The quality of housing and overall infrastructure, upon first glance, appeared devastatingly low. Knowing that Indonesia is a wealthy country with a significant level of profit from many industries, with the largest economy in Southeast Asia, I was quite shocked to observe the low level of road construction, garbage everywhere and general lack of solid infrastructure that I had assumed would be there based upon the country’s wealth. We drove for some time through quite similar neighborhoods until we arrived at our guesthouse, K77. We were greeted warmly by Lola, the wife in the husband/wife team who own and operate the guesthouse, but before we went inside, a little group of neighborhood kids came running up to us and some of the tiniest ones came running up to Jette and took her hand to their foreheads, a custom called “salim” which indicates respect in their social structure and hierarchy. As westerners, we are uncomfortable with outright hierarchical statements and physical acts that are representative of societal position, but in Indonesian society, hierarchical relationships are respected, emphasized and maintained, so we felt the need to go along with local customs.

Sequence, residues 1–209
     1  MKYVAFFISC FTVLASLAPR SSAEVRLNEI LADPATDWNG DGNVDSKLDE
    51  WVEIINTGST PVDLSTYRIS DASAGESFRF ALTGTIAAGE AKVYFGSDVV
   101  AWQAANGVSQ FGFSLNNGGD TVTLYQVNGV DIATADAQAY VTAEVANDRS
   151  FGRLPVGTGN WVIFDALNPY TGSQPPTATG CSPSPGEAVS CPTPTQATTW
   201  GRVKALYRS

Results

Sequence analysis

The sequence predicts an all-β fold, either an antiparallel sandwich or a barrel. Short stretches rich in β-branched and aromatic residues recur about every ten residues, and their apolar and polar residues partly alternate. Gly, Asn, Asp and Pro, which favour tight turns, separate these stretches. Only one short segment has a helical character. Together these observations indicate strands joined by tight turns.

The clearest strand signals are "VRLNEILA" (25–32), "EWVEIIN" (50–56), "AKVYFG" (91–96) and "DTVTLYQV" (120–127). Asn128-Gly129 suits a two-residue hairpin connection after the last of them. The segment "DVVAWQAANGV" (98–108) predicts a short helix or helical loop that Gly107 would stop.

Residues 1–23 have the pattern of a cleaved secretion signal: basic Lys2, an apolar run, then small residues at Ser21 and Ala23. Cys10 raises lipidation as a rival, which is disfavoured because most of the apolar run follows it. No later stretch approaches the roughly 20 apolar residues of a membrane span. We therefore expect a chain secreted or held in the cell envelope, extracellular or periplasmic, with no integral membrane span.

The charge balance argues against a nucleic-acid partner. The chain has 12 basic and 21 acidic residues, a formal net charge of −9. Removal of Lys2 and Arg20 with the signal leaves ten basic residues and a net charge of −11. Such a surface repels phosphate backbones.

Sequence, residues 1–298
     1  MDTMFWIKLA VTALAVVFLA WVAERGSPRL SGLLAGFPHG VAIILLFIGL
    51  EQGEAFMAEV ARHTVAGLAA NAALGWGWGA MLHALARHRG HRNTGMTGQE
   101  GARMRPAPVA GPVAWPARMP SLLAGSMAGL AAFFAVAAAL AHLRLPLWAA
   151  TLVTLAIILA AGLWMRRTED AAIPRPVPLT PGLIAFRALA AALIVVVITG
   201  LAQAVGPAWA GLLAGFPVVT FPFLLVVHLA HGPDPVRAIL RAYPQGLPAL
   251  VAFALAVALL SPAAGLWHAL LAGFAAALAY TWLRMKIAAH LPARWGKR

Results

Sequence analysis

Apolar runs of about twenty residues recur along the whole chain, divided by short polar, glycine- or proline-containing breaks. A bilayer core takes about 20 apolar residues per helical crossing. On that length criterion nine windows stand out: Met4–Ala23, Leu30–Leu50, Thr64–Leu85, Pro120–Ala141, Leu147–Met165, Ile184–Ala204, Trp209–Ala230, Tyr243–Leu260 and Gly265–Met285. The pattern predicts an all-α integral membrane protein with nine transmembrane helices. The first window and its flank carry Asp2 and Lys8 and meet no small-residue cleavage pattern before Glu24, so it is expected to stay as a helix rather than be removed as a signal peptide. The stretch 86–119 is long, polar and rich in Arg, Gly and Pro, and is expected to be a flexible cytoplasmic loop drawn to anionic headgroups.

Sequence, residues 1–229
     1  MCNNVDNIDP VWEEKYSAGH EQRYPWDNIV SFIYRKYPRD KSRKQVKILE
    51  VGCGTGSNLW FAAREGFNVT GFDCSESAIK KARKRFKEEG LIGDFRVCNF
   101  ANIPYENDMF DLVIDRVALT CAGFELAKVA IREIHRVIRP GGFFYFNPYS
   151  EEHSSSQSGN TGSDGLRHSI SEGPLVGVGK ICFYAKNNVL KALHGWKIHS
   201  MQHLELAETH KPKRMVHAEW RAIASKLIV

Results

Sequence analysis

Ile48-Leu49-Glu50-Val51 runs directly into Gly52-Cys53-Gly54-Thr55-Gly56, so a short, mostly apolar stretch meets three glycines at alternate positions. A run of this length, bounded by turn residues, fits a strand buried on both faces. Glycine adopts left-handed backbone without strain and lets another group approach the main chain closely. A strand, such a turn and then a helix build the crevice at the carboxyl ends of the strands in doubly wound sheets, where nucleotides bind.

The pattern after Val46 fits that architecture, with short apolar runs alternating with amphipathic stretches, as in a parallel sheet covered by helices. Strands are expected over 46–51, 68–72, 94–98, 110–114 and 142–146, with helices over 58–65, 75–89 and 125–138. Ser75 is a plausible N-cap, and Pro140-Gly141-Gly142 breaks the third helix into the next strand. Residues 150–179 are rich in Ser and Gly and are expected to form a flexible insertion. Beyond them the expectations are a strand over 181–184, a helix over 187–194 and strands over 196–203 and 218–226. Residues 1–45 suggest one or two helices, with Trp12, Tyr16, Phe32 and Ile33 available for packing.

We wrapped up our hellos and came in to see that our host had brought out a tray of juice and a delicious snack of sweet sticky rice lopis for us. They were sooooo good and our first time trying them. They were our first introduction to Indonesian sweets, but wouldn’t be our last; we were to discover that Medan is known for tasty cakes.
We took our bags upstairs, got cleaned up and stepped out to search for a quite bite of dinner. The street in front of K77 is quite narrow, with most of the street-facing buildings being either one or two stories. Going out on foot brought us a lot of attention. We spent a few minutes sharing smiles, then walked along to find some dinner.
Local business? homework spot? motorcycle parking spaces? all of the above?